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MEDIA AND MARKETING SPECIALIST TALKS ABOUT FUTURE MEDIA TRENDS

Media should harness the power of the people

PEOPLE ARE the best media, said Barry Cupples, CEO of the Omnicom Media Group for Central and Eastern Europe, at a recent conference in Bratislava. The conference "Revealing the Future Potential of Media", organized by the Omnico Media Group (OMG), an international advertising holding company, featured ten top experts who shared their views on the new directions of media and marketing at the conference on May 17.

Barry Cupples: "Now everyone has a voice and wants to use it."
photo: Omnico Media Group

PEOPLE ARE the best media, said Barry Cupples, CEO of the Omnicom Media Group for Central and Eastern Europe, at a recent conference in Bratislava. The conference "Revealing the Future Potential of Media", organized by the Omnico Media Group (OMG), an international advertising holding company, featured ten top experts who shared their views on the new directions of media and marketing at the conference on May 17.

"At the basic level, all that marketing is trying to do is influence people," Cupples said while describing the need for a transition to a new model of marketing - where classical media are only means and the people themselves become "media".

"Now everyone has a voice and wants to use it," said Cupples. He continued that new marketing strategies should involve creating informative or interesting advertisements that will attract people and motivate them to talk about the advertisements and the brands they promote. Marketing agencies should thus target the "talkers", who Cupples called "influencers", by using new technological trends, especially the internet.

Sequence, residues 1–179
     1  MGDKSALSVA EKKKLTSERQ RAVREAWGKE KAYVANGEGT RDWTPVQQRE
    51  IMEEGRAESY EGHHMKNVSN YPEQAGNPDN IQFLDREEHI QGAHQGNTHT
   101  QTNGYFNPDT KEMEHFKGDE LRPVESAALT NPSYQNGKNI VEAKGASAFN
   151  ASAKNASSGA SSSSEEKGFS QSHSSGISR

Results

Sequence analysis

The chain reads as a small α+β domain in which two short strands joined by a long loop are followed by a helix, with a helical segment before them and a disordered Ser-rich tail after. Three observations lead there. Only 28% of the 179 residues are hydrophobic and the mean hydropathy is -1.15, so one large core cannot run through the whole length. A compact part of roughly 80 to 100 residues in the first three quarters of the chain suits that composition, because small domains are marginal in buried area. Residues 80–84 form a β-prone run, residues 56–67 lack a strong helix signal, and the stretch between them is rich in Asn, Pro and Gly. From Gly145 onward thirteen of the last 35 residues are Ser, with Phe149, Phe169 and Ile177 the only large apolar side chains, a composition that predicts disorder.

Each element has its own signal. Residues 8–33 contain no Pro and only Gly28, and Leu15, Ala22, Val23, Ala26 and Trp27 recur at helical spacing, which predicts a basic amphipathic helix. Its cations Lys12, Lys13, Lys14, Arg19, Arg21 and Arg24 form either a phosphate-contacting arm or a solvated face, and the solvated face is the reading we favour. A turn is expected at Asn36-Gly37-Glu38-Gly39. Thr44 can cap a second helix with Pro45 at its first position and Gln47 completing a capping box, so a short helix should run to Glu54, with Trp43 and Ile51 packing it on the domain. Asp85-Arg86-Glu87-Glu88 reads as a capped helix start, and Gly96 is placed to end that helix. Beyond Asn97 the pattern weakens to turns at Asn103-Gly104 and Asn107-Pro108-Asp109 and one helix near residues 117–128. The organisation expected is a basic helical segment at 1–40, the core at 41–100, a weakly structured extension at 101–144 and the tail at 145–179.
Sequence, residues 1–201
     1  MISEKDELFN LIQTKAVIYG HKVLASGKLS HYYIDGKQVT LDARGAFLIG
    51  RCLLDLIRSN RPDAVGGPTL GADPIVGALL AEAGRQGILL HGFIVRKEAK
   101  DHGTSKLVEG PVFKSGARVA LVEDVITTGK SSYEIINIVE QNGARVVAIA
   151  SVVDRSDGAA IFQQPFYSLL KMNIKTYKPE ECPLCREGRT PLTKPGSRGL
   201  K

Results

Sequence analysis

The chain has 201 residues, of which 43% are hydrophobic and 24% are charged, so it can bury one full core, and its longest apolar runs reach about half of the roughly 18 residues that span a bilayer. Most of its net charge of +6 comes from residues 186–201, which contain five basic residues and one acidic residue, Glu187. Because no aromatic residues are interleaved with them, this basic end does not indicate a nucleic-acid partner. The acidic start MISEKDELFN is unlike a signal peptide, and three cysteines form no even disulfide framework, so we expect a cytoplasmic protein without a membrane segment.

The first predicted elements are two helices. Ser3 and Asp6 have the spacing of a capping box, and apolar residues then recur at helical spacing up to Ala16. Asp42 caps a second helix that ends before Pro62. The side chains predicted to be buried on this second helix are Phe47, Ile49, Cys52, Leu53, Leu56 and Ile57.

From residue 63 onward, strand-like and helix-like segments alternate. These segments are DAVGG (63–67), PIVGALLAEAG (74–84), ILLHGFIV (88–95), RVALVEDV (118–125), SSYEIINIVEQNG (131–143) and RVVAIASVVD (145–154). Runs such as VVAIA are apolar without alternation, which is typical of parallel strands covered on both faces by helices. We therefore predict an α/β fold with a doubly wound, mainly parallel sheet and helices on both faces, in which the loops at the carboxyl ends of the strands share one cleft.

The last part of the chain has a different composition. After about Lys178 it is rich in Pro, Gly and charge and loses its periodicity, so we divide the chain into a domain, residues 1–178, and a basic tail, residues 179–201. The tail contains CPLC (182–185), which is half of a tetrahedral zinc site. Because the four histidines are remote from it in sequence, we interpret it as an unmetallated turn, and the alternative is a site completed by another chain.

"Catch the new wave before it catches you...and enjoy the ride," he added.

The increase in the number of media, their concentration, globalisation and the 'new media' are what Marcela Podoláková, CEO of OMG Slovakia said are the key factors in the media situation these days.

She also mentioned the growing "clutter" in media, the extreme amount of advertising that is "attacking" the public on a daily basis.

People see more than 16,000 adverts a day, said Branislav Kobár, managing director of media services agency OMD.

The internet and the challenges it creates for the more traditional types of media was discussed as well.

"The most significant feature of world wide web of tomorrow is that the users themselves will create its content," said Ivan Debnár, senior Project Manager of the Zoznam.sk internet portal. The most popular sites include blogs, photo galleries and forums and message boards covering a wide range of topics, many of which are outside the mainstream.

A transformation is happening. The passive internet user is turning into one who chooses the topics he wants to read, said Debnár, adding that thanks to internet browsers, people have access to more sites than ever before and they also want to create content on the web. However, Debnár said that user-generated content on Slovak websites is in its infancy and lacking in quality as well.

"The traditional publisher has the largest potential for gaining new online readers," said Jaroslav Matyáš, Online Projects Director from Trend Holding (publisher of economics weekly Trend).

Even though Trend's website reaches a broader audience, the print version still generates more profit. Therefore, Matyáš said, the publisher has to focus on avoiding the cannibalisation of its original product. The event wrapped up with a discussion between marketing and media representatives about the potential and impact of the digitalisation of the media.

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